This huge move was life changing to me. I came to the UK with mixed feelings of excitement and anxiety regarding the new adventure waiting ahead. I kept wondering about the new city I am moving to, my new home, the people and obsessing with the idea that for the first time in my life I will be perceived as a foreigner. The first month was not easy, it was quite challenging to settle in, yet it was better than expected as I found friends willing to help out and provide guidance when needed.

Starting in the new working environment where I have to pursue my degree was a bit difficult. It felt weird. I was always trying to make an effort to blend in, to fit and to make new friends. Being a social butterfly back home, finding myself now in an environment where it required a lot of effort to blend in was not so easy.

With time, things became better and I managed to find the people of value which made me feel well and enabled me to start a new comfort zone here in Newcastle. You may ask why did I just write about my experience while this should be about N.E.S.T. I will tell why. When I first heard of N.E.S.T, it was quite exciting for me to go and volunteer especially that back in Lebanon I was enrolled in all types of volunteering activities. Back home, I coordinated and worked on many community projects with all age groups. The self-worth you feel after volunteering cannot be felt in any other way. You feel you have a purpose in life. Trust me, I have seen and heard the most heart-breaking stories ever but being able to support those people even with a bit of hope brings you joy you have never experienced before.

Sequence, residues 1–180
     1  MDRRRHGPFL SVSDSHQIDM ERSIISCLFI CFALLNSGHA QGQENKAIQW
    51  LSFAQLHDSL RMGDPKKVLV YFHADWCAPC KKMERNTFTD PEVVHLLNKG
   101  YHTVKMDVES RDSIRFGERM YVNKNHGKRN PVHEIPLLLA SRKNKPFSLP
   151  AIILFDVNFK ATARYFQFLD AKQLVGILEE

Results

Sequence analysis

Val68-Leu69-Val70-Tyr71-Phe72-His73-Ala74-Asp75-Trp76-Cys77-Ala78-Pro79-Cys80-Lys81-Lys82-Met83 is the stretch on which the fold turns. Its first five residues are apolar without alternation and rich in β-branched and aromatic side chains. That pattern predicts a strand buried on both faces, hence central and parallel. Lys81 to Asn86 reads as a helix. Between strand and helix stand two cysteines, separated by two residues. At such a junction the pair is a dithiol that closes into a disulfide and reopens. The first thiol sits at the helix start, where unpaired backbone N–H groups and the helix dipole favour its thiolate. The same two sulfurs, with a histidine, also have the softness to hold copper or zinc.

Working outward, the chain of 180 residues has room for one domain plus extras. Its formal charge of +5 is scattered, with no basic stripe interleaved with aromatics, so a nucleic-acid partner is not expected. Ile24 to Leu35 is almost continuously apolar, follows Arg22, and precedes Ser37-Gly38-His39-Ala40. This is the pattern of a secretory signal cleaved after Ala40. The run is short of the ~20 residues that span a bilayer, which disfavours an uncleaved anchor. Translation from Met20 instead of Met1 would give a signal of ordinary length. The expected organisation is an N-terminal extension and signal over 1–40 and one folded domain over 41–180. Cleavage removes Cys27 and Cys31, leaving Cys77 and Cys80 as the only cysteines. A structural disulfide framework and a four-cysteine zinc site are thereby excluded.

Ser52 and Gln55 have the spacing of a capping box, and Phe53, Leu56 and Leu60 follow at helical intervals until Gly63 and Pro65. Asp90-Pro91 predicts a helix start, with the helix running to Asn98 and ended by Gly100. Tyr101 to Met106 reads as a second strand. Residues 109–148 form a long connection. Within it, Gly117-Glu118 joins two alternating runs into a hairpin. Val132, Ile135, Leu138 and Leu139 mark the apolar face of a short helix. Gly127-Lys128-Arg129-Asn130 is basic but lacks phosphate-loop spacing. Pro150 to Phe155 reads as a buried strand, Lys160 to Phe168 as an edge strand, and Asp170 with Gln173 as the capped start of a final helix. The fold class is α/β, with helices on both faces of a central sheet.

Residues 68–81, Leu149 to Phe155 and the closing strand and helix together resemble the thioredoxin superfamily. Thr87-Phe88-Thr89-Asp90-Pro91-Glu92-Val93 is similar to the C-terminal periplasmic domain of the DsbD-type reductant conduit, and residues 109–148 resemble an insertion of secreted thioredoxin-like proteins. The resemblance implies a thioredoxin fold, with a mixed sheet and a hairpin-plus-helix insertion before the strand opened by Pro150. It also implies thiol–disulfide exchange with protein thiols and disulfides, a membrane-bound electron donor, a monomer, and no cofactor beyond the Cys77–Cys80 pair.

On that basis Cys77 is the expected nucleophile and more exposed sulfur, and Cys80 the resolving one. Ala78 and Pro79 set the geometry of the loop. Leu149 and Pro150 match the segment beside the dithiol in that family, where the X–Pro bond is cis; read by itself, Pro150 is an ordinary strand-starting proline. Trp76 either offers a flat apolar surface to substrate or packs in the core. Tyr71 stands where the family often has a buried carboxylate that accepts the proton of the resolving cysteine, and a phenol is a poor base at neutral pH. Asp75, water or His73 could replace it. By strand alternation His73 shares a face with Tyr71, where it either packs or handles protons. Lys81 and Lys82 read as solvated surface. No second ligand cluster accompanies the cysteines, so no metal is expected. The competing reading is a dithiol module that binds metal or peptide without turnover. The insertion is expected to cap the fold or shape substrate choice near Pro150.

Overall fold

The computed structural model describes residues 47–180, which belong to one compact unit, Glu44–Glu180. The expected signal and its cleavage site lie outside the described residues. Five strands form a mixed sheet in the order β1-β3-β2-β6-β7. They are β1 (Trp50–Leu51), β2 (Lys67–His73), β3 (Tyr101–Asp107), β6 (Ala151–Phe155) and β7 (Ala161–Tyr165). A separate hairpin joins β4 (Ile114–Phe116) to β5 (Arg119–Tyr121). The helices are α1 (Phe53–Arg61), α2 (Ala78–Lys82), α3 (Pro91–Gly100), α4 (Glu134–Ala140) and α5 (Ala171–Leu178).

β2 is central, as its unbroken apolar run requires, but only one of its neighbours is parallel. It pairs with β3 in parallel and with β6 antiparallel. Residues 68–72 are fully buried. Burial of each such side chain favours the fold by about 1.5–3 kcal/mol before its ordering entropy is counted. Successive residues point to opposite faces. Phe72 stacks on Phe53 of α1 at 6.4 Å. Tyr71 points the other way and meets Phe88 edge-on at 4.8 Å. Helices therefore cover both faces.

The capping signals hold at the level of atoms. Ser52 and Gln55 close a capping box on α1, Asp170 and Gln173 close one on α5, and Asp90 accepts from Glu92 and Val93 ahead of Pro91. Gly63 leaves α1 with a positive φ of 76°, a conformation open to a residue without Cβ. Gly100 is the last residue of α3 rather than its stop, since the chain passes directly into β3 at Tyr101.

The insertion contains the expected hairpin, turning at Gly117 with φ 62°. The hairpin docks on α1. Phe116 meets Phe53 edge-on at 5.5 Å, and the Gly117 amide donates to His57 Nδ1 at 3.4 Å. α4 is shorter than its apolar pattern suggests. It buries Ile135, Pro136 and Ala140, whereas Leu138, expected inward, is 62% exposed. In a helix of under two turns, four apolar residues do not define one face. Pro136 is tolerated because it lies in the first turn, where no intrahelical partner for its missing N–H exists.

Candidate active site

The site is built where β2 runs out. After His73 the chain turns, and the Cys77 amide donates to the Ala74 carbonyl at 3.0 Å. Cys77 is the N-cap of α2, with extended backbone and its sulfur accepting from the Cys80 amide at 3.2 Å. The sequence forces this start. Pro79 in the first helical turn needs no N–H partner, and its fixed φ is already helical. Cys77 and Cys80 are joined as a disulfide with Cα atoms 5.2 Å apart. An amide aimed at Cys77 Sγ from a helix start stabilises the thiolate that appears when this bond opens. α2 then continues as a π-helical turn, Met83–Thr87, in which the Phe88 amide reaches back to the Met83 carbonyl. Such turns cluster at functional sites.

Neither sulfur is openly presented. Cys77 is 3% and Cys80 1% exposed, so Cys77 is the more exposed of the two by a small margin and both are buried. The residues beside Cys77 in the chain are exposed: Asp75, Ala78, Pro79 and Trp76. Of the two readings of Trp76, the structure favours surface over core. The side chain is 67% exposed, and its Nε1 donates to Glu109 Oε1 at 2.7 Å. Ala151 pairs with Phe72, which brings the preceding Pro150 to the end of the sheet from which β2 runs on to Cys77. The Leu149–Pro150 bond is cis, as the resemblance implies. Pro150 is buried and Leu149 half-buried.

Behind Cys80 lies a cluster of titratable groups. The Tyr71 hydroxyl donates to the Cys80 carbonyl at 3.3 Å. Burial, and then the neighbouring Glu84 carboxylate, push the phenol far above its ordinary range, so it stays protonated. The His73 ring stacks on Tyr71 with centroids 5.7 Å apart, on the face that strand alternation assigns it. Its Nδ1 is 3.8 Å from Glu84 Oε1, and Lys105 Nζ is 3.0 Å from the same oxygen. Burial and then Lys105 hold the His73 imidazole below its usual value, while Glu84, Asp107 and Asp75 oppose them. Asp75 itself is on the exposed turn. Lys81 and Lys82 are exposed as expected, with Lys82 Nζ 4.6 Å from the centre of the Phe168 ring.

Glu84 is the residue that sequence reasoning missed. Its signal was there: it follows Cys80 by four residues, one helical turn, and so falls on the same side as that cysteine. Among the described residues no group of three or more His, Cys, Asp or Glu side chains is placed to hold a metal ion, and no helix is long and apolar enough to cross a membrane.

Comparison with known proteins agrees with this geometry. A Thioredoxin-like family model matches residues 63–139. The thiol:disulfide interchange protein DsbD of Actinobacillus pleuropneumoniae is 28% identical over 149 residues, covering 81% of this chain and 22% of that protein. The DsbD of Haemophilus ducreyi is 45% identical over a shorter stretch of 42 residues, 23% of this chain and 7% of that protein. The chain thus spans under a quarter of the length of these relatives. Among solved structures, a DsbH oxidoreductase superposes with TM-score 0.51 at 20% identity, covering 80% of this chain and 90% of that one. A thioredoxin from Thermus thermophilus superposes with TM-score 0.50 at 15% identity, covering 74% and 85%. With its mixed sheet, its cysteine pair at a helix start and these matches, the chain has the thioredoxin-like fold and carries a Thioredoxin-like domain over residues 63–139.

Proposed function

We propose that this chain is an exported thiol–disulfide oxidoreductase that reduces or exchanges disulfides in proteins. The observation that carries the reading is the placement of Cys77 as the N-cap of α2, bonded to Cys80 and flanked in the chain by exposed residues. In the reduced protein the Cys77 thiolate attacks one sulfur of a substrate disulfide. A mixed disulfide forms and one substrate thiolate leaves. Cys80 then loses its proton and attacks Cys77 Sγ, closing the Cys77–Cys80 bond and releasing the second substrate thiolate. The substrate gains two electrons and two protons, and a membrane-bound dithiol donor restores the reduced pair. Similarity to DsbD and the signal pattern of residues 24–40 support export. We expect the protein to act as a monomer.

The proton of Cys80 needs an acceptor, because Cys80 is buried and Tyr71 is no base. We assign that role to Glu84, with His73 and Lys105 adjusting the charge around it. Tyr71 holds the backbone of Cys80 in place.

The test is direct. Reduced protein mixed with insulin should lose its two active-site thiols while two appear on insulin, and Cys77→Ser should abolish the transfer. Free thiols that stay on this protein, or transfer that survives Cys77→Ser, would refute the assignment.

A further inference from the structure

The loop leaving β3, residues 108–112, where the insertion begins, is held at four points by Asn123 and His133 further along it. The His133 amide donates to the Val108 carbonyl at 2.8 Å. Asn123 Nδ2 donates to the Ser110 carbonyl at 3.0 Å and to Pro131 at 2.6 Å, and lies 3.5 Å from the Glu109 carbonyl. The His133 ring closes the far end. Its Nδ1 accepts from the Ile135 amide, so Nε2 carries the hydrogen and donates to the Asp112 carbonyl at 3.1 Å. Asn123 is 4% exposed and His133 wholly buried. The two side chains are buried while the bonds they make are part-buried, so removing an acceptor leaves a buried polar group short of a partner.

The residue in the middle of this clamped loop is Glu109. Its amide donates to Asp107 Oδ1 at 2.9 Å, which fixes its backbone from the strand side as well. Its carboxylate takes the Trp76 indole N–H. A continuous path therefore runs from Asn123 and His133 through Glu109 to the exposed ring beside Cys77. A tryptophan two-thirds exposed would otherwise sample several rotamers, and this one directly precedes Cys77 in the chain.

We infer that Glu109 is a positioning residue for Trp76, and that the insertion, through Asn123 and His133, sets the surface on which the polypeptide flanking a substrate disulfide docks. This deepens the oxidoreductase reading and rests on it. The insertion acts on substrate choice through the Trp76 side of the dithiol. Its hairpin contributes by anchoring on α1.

When I volunteered in N.E.S.T, there was something different. When I saw the people trying so hard to learn the language, to adapt, to fit in, it reminded me of my own journey. I already knew the English language so well and found the whole experience of being detached from home tough. However, I made that decision, I decided to take the risk and embark on this journey. Most people in N.E.S.T didn’t have that privilege, they were forced to make that journey and just thinking on how challenging it must have been for them, it compelled me to actually try to help in any way.

When I went to N.E.S.T, I expected to see people feeling down or hopeless but what I witnessed was the exact opposite. The enthusiasm I saw in learners in N.E.S.T, the amount of effort they were putting to make it through, the smiles on the kids playing around, the spirit of volunteers in N.E.S.T; who were among the most welcoming people I met in Newcastle; made me regain a bit of hope in humanity. Among all the darkness surrounding us, especially for those of us coming from the Middle East, I saw light coming from initiatives such as N.E.S.T with dedicated people who are willing to selflessly support those who struggle and make them feel ‘home’.

Thank you N.E.S.T for reminding me why being a volunteer is so important. Thank you N.E.S.T for trying to make the world a better place for those who have struggled so much!